What Do Neonatal Nurses Do?
Neonatal nurses are those that specialize in carrying for newborns, whether healthy or critically ill. A newborn presents special challenges for the nurse. Their small stature and often underdeveloped internal systems make them quite different from even infants that are a few months old. Whether a baby comes out healthy and full term or enters the world underweight and under term, the neonatal nurse is there to help. The nurse provides assessment of the newborn and has special training in how to handle the needs of these tiny patients. They work closely with neonatologists to keep critically ill newborns alive and thriving.
Healthy babies require caring nurses that can handle nervous parents. Most nurseries have one of three ratings, beginning with 1 and going up to 3. A level 1 nursery is for the healthy, full-term babies. Most women stay in the hospital at least a day or two after delivery. The babies can be either in a separate nursery or in the rooms with the mothers. Level 1 care involves helping the parents adjust while making sure the infant is as healthy as the original assessment showed. This is usually the first place that neonatal nurses start when becoming part of the department.
Premature babies often need protection from the elements and time to grow. This is the level 2 nursery situation. Some babies are born a few weeks premature. In most cases, they may have underdeveloped lungs or other challenges. With the right care and monitoring, these infants can transition to home within a few weeks. In these nurseries, nurses help with feeding and care. They educate parents on how to handle these premature infants. They monitor the babies for complications and work with doctors to administer medications and appropriate care. This level of nursery care comes after working with healthy newborns for awhile.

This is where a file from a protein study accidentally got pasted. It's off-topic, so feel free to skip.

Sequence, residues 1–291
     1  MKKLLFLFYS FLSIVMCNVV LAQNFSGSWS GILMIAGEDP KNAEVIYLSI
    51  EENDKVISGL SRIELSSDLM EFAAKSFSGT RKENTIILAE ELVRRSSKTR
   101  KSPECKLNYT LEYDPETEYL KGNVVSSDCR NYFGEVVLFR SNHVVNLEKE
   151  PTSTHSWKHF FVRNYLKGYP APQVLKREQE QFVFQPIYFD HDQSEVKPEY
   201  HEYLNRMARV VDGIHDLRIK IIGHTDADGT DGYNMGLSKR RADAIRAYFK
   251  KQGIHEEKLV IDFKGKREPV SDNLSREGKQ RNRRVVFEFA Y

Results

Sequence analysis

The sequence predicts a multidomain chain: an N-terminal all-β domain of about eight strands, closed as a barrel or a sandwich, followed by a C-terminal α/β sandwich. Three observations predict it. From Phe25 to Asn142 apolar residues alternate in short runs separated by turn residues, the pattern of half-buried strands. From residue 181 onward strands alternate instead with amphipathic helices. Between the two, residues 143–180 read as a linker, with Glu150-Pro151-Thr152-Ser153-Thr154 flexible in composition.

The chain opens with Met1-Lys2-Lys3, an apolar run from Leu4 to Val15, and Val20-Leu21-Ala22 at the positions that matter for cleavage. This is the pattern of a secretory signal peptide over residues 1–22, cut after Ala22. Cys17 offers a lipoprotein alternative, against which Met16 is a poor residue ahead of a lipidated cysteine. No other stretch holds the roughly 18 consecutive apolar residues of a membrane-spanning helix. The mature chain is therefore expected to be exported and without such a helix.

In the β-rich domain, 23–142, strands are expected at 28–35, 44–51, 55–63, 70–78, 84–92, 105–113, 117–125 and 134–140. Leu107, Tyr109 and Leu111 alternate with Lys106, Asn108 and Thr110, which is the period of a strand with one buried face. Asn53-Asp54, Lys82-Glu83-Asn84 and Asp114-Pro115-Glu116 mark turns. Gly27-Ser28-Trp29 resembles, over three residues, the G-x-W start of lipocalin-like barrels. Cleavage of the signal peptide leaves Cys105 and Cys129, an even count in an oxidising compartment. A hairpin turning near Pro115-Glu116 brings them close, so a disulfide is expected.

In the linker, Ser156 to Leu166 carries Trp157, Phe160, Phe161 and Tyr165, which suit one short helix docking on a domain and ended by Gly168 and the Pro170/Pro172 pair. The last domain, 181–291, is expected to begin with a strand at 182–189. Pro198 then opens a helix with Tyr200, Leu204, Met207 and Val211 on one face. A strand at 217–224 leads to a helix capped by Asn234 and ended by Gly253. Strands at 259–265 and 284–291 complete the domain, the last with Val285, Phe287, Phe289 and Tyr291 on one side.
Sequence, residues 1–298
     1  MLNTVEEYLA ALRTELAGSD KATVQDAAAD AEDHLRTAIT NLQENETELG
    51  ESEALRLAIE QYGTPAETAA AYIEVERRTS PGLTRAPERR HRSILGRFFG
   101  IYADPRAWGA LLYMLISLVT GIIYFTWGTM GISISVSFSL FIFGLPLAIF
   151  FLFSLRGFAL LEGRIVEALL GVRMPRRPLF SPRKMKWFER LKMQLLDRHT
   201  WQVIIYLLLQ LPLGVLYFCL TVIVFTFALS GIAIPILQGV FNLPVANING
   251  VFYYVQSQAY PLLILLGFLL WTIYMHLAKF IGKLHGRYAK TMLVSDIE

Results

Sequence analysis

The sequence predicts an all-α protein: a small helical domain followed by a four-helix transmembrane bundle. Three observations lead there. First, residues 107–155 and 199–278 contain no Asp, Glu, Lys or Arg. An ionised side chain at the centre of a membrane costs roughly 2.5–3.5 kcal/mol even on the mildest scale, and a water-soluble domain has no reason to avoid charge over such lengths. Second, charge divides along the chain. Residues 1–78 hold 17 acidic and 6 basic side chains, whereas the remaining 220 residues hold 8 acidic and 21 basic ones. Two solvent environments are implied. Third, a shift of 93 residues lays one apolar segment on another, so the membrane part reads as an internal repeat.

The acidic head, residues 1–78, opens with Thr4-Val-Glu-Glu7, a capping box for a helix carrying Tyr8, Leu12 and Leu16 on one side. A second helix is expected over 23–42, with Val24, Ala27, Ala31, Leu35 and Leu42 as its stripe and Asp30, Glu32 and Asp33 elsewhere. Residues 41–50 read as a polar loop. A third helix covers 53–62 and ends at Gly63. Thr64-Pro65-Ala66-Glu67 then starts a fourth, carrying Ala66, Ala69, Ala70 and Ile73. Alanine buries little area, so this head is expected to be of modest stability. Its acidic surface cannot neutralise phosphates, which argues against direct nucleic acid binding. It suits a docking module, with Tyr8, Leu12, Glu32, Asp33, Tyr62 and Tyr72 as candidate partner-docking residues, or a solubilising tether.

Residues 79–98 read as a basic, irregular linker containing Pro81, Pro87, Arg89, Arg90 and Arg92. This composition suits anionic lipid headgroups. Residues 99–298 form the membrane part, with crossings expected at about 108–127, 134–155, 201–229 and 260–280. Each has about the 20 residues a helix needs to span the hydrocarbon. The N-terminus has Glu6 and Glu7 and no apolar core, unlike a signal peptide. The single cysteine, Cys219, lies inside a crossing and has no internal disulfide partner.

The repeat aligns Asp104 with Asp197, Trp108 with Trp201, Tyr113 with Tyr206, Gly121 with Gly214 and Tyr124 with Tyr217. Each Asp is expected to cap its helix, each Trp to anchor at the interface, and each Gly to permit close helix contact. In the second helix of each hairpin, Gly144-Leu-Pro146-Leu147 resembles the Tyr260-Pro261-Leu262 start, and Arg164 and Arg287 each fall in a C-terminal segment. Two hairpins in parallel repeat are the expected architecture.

Critically ill infants require the highest level of care. That is the level 3 nursery. These are often the infants born months early instead of weeks. They are drastically underweight and have many underdeveloped internal systems. Other infants that require this level of care include those born with critical birth defects or those that develop serious infections before or after birth. This level of care requires the most experienced neonatal nurses on staff. It often takes years of working at level 1 and 2 nurseries before working with the sickest newborns. Training and experience are the way to work up to this level of nursing.